ILNews

Justices find man not required to register for life as sex offender

Back to TopCommentsE-mailPrintBookmark and Share

The Indiana Supreme Court held Thursday that based on the facts of a Lake County man’s case, a 2006 amendment requiring him to register for life as a sex offender violates the Ex Post Facto Clause of the Indiana Constitution. The amendment took effect after Andre Gonzalez fully served his sentence and during the 10-year period of his required registration.

Gonzalez pleaded guilty in 1997 to Class D felony child solicitation and was discharged from probation in 1999. While still required to register for 10 years based on the law in effect at the time of his discharge, the Legislature amended the Sex Offender Registration Act to require certain offenses to register for life, including child solicitation. Gonzalez petitioned to remove his sex offender designation, which the trial court denied. The Court of Appeals reversed and the Supreme Court agreed that Gonzalez should not be required to register for life.

The justices applied the seven Mendoza-Martinez factors to determine whether the retroactive imposition of the lifetime registration period violates the Ex Post Facto Clause as applied to him. Weighing the punitive and non-punitive nature of the seven factors to Gonzalez’s case – finding four of the factors to be punitive – the justices held that applying the 2006 amendment to him violates the clause.

“In the present case, the defendant, Gonzalez, as a non-SVP, may not predicate his request for relief on the grounds that he has been rehabilitated and presents no risk to the public. And the trial court has refused to grant a hearing despite his repeated attempts to seek the trial court's review of his claim of ex post facto punishment,” Chief Justice Brent Dickson wrote. “Thus, as to this defendant, we find that the retroactive imposition of a lifetime registration requirement appears excessive in relation to the purpose of protecting the public from repeat sexual crime offenders.”

The high court reversed the denial of Gonzalez’s petition to remove the lifetime registration requirement and remanded the case, Andre Gonzalez v. State of Indiana, 45S03-1206-CR-307, for further proceedings. Justice Robert Rucker concurred in result without a separate opinion.

 

ADVERTISEMENT

  • It's about time!
    I am so glad to see that the justices are realizing these laws ARE punitive and a violation to the ex post facto laws! Congrats to Mr. Gonzalez! I'm sure you will rest a lot easier tonight! Your family will as well, I'm sure!

Post a comment to this story

COMMENTS POLICY
We reserve the right to remove any post that we feel is obscene, profane, vulgar, racist, sexually explicit, abusive, or hateful.
 
You are legally responsible for what you post and your anonymity is not guaranteed.
 
Posts that insult, defame, threaten, harass or abuse other readers or people mentioned in Indiana Lawyer editorial content are also subject to removal. Please respect the privacy of individuals and refrain from posting personal information.
 
No solicitations, spamming or advertisements are allowed. Readers may post links to other informational websites that are relevant to the topic at hand, but please do not link to objectionable material.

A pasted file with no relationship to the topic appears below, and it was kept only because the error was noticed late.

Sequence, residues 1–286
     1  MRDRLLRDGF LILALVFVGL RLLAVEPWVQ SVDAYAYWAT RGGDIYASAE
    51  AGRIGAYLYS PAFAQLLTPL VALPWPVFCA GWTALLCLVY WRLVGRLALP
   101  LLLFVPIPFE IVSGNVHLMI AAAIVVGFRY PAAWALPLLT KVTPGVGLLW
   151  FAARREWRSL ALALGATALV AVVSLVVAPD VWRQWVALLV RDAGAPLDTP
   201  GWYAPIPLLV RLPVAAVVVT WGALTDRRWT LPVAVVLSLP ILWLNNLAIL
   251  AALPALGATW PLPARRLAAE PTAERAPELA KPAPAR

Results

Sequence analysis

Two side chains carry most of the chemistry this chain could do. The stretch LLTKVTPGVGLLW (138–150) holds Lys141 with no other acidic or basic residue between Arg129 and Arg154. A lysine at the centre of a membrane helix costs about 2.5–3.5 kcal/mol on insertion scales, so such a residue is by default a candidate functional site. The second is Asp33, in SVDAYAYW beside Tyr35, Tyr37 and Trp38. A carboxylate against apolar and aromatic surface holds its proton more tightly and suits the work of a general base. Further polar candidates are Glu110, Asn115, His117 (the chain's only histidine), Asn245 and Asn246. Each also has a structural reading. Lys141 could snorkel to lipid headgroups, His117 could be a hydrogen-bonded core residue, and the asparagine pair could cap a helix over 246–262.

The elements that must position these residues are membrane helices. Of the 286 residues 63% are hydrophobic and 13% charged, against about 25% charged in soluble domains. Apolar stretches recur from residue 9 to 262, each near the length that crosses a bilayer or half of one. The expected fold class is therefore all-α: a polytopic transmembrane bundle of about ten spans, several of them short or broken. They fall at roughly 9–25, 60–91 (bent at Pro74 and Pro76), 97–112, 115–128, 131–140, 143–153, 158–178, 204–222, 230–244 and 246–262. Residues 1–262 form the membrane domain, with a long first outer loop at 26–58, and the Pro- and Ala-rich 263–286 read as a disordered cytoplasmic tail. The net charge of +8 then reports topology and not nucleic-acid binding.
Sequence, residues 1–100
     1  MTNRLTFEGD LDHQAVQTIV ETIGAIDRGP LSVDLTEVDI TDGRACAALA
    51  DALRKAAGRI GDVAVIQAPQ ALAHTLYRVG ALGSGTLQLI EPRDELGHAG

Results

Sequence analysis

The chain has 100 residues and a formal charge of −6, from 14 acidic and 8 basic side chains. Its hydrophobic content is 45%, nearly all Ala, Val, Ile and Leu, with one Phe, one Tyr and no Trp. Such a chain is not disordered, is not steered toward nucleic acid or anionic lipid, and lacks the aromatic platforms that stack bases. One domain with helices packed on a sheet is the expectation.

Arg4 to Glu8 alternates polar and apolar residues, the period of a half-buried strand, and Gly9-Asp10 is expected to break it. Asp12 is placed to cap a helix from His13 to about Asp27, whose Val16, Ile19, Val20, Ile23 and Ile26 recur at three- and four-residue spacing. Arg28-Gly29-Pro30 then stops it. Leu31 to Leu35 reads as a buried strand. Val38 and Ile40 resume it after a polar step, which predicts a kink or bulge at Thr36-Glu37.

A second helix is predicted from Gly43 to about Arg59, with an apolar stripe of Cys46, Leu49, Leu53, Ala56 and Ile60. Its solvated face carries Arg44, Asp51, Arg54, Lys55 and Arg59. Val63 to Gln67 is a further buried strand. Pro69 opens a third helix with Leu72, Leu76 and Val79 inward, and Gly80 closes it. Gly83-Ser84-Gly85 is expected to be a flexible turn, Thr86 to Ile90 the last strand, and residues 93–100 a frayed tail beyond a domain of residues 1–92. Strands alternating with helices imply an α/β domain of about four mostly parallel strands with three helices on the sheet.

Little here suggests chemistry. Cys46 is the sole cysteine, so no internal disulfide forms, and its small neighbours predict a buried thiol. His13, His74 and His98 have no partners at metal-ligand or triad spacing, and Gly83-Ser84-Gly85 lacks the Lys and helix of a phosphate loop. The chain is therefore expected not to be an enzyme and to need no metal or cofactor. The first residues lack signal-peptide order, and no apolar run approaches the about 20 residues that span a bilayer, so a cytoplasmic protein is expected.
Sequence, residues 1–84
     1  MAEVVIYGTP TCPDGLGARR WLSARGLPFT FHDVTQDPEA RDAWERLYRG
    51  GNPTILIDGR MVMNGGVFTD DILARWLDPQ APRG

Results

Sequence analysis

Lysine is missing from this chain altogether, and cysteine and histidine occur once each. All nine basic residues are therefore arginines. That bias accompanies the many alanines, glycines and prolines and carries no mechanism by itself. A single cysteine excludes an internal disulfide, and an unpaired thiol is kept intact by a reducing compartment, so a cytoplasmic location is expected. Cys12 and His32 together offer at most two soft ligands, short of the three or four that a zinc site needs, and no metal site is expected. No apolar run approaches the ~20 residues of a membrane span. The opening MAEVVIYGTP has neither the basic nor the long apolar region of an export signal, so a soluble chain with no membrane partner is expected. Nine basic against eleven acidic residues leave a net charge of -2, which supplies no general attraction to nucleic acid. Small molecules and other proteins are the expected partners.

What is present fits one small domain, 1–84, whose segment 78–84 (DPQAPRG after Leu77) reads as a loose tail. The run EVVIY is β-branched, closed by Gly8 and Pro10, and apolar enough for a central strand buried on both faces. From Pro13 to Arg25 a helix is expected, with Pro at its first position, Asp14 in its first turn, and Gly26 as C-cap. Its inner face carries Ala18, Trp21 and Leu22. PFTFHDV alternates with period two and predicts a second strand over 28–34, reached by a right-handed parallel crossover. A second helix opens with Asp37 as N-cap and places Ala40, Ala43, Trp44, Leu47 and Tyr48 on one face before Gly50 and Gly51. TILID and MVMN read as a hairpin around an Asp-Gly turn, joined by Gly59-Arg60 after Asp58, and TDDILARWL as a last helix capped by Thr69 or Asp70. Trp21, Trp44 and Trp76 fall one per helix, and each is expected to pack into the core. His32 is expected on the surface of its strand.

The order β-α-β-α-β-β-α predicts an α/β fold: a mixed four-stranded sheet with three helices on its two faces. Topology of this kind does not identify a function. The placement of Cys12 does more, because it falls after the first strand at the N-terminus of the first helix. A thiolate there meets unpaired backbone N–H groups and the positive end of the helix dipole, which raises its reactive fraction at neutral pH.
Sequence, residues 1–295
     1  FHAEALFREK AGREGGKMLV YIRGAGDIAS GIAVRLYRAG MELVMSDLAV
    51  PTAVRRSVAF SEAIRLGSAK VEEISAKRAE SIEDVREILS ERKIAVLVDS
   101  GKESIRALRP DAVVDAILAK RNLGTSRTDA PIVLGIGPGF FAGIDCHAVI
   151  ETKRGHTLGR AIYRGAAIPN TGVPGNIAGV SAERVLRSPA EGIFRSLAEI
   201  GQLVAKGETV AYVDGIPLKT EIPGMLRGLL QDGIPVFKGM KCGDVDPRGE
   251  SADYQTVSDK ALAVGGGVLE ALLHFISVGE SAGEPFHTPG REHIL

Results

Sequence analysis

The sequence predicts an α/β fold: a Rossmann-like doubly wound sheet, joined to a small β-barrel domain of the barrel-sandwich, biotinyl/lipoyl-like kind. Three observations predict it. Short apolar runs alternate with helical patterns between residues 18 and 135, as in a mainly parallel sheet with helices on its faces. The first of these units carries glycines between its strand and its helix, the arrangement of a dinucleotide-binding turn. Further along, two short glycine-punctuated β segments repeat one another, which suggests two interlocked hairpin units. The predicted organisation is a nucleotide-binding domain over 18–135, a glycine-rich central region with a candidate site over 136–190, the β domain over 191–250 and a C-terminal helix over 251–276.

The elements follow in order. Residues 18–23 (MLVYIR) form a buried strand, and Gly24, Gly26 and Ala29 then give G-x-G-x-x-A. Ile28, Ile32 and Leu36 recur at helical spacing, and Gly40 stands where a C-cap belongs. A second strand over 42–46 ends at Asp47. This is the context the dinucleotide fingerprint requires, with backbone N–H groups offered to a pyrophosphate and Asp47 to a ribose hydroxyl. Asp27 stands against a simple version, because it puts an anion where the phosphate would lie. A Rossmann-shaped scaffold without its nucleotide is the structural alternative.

We may remove messages that are unrelated to the topic, encourage illegal activity, use all capital letters or are unreadable.
 

Messages that are flagged by readers as objectionable will be reviewed and may or may not be removed. Please do not flag a post simply because you disagree with it.

Sponsored by

facebook - twitter on Facebook & Twitter

Indiana State Bar Association

Indianapolis Bar Association

Evansville Bar Association

Allen County Bar Association

Indiana Lawyer on Facebook

facebook
ADVERTISEMENT
Subscribe to Indiana Lawyer
  1. KUDOS to the Indiana Supreme Court for realizing that some bureacracies need to go to the stake. Recall what RWR said: "No government ever voluntarily reduces itself in size. Government programs, once launched, never disappear. Actually, a government bureau is the nearest thing to eternal life we'll ever see on this earth!" NOW ... what next to this rare and inspiring chopping block? Well, the Commission on Gender and Race (but not religion!?!) is way overdue. And some other Board's could be cut with a positive for State and the reputation of the Indiana judiciary.

  2. During a visit where an informant with police wears audio and video, does the video necessary have to show hand to hand transaction of money and narcotics?

  3. I will agree with that as soon as law schools stop lying to prospective students about salaries and employment opportunities in the legal profession. There is no defense to the fraudulent numbers first year salaries they post to mislead people into going to law school.

  4. The sad thing is that no fish were thrown overboard The "greenhorn" who had never fished before those 5 days was interrogated for over 4 hours by 5 officers until his statement was illicited, "I don't want to go to prison....." The truth is that these fish were measured frozen off shore and thawed on shore. The FWC (state) officer did not know fish shrink, so the only reason that these fish could be bigger was a swap. There is no difference between a 19 1/2 fish or 19 3/4 fish, short fish is short fish, the ticket was written. In addition the FWC officer testified at trial, he does not measure fish in accordance with federal law. There was a document prepared by the FWC expert that said yes, fish shrink and if these had been measured correctly they averaged over 20 inches (offshore frozen). This was a smoke and mirror prosecution.

  5. I love this, Dave! Many congrats to you! We've come a long way from studying for the bar together! :)

ADVERTISEMENT